The mean age of patients in the study population was 77.3 years (SD = 7.8 years; ). Patients in the study population were primarily women (60.2%) and Black (71.4%), and most had lived at home with others before admission (58.3%). Approximately equal numbers of patients were recruited from each hospital. The median length of stay for this sample was 5 days (interquartile range = 3–8 days), whereas the median time between hospital admission and the study examination was 48 hours (interquartile range = 44.2–60.5 hours). Few patients in the study population had surgical procedures (2.5%) or stayed in an intensive care unit or postanesthesia care unit (13.9%) before the study examination.
Characteristics of Study Population (N = 792)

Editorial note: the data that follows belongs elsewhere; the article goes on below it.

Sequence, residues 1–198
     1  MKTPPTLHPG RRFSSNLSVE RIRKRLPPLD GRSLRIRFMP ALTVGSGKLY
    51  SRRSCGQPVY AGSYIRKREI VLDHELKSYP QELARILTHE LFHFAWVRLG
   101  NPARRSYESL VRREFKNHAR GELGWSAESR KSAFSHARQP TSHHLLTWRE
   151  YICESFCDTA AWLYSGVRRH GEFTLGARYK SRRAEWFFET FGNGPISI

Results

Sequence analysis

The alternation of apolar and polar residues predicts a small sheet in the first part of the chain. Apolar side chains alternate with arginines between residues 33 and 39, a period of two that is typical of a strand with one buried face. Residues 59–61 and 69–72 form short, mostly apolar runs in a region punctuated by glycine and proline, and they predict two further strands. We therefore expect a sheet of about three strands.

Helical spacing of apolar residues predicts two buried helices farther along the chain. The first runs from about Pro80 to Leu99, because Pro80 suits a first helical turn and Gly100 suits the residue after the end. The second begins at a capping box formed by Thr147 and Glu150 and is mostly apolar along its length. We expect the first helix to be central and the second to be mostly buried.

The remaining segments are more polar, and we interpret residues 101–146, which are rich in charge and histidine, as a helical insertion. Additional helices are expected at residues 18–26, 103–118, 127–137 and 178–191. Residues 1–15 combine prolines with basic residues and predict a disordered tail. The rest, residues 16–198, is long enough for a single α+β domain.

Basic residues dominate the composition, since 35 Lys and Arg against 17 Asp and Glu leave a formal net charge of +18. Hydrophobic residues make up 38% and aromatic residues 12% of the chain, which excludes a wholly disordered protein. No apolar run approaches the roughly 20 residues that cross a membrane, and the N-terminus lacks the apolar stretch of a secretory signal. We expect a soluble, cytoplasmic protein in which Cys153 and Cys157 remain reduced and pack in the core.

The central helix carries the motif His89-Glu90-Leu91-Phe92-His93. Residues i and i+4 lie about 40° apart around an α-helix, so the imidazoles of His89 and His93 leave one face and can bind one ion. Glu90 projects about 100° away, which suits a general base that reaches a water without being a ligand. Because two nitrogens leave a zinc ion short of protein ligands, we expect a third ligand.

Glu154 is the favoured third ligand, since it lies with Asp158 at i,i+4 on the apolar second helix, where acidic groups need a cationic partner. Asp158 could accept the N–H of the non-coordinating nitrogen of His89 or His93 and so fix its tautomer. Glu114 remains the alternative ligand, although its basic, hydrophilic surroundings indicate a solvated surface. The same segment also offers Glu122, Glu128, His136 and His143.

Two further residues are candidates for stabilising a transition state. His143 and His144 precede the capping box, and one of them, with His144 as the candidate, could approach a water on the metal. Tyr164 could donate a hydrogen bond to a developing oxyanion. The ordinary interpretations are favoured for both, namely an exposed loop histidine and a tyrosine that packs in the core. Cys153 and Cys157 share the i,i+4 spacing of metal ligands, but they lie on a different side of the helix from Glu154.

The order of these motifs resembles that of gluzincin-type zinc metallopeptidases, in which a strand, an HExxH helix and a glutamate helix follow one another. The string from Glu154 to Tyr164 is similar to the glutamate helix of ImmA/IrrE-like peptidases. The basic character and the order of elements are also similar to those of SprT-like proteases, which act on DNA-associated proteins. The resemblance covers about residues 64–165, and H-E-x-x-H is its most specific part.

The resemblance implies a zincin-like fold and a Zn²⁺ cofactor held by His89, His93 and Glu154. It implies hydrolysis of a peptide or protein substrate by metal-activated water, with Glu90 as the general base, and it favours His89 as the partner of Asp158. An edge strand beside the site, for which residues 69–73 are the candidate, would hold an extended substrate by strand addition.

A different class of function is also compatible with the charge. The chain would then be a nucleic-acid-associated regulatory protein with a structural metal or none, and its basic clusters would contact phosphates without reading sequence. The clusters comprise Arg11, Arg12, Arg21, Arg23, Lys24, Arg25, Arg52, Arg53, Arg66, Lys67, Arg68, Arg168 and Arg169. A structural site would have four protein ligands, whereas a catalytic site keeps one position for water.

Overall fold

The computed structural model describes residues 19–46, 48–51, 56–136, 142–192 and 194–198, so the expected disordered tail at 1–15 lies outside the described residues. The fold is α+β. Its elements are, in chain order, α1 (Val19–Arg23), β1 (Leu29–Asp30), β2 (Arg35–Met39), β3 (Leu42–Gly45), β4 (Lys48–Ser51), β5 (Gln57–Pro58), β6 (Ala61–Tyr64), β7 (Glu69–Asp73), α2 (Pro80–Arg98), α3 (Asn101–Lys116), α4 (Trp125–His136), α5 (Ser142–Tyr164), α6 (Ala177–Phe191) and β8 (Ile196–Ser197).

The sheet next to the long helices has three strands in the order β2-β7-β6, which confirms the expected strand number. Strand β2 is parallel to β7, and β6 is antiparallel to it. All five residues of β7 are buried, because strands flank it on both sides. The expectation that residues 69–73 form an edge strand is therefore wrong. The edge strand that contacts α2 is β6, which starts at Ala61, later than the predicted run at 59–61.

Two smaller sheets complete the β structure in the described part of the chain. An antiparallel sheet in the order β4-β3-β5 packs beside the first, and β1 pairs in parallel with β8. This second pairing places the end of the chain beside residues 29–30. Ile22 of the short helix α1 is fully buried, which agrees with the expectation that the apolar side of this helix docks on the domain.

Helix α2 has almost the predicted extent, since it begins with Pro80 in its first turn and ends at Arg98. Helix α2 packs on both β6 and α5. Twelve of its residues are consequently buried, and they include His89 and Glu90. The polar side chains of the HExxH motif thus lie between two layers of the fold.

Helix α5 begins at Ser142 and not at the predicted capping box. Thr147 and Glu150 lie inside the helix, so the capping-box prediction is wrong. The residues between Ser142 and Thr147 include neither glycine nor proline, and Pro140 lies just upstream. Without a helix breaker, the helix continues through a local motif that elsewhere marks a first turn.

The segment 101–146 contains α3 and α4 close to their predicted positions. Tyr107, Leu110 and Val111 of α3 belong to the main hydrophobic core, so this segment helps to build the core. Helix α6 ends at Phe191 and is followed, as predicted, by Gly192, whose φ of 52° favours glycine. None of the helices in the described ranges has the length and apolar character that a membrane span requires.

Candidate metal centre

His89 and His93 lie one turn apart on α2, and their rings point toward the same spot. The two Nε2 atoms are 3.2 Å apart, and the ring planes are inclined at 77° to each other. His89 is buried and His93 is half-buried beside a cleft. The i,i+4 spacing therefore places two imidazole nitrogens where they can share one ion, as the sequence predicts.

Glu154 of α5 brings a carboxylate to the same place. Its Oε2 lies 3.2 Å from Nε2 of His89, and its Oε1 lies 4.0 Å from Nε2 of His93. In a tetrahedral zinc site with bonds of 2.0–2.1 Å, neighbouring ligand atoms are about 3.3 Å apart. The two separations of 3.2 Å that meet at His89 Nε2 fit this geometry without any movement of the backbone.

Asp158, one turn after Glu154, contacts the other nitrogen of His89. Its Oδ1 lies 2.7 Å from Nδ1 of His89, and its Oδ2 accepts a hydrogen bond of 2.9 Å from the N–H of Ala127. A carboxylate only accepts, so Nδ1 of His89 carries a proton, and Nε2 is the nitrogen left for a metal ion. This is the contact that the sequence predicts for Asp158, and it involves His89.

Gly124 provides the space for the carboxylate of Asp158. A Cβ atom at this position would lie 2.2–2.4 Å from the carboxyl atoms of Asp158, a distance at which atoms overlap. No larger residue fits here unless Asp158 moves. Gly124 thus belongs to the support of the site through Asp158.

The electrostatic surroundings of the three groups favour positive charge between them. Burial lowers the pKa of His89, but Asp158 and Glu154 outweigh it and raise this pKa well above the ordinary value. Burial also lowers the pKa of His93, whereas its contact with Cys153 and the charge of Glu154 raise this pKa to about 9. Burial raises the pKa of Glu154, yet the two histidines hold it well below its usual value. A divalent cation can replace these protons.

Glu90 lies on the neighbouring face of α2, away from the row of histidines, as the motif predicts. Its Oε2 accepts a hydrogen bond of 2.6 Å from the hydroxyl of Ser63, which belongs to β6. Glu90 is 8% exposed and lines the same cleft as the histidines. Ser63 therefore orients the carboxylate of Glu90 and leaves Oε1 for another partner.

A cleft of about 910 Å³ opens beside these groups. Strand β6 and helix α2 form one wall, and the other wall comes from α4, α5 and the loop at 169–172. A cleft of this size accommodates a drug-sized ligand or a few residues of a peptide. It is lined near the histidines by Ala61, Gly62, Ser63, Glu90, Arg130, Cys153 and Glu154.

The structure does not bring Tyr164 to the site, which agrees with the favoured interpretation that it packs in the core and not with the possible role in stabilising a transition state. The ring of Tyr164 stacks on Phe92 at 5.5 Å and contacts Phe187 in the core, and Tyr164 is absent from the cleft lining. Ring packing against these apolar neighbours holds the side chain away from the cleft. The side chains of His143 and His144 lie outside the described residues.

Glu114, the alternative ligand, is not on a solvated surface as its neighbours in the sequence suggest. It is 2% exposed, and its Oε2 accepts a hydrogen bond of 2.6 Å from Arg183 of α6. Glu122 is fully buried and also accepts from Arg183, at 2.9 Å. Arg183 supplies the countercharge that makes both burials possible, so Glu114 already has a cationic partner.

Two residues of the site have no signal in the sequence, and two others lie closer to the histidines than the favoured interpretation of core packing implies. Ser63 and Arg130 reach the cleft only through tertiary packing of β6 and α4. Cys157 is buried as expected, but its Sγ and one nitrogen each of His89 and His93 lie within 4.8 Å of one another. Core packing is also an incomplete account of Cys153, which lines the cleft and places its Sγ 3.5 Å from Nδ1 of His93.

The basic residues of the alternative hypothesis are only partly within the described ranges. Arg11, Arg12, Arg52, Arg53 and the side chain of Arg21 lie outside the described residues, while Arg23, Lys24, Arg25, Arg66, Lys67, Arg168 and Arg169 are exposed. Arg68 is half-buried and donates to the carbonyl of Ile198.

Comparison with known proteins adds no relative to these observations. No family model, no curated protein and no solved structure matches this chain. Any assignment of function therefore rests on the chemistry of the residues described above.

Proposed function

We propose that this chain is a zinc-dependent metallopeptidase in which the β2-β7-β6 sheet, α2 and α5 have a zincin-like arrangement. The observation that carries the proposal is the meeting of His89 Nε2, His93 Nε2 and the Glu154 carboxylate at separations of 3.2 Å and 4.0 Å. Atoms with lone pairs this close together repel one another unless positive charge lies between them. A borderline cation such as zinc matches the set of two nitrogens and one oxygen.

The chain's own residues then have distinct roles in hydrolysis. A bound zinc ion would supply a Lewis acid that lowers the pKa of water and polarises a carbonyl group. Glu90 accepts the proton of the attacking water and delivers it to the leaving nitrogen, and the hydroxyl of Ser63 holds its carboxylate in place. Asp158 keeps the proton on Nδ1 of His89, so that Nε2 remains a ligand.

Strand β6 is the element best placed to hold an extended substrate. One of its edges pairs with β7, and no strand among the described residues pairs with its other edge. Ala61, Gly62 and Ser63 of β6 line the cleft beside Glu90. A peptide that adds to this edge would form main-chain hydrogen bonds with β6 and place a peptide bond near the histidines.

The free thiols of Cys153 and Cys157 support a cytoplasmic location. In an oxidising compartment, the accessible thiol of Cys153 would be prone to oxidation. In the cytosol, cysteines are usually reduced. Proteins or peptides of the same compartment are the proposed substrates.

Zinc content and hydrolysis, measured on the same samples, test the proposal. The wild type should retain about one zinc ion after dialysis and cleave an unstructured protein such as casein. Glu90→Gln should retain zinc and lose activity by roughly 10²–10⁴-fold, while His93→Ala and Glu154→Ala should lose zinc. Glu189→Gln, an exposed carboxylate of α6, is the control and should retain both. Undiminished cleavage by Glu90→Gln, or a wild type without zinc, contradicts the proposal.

The study sample included 29 patients with both preexisting and hospital-acquired pressure ulcers, 36 patients with one or more preexisting pressure ulcers but no hospital-acquired pressure ulcers (14 of whom had at least one Stage 2+ ulcer), 166 patients with one or more hospital-acquired pressure ulcers but no preexisting pressure ulcers (71 of whom had at least one Stage 2+ ulcer), and 561 patients with no pressure ulcers. Thus, most patients in the study population had no pressure ulcers (88.3%). Among those with pressure ulcers, it was most common to have just one pressure ulcer (7.4% of the study population), although 1.9% had two pressure ulcers and 2.4% had at least three pressure ulcers at examination.
Approximately 17% of patients in the study cohort were classified as being at risk of pressure ulcers (Norton score ≤14). There were also substantial proportions of patients with the individual pressure ulcer risk factors examined. For example, 24.5% of patients in the study cohort had an intermediate or high risk of nutrition-related complications. Almost 21% of patients in the study cohort were not oriented fully to person, place, and time, whereas 18.9% of patients in the study cohort had urinary incontinence, fecal incontinence, or both (not tabulated).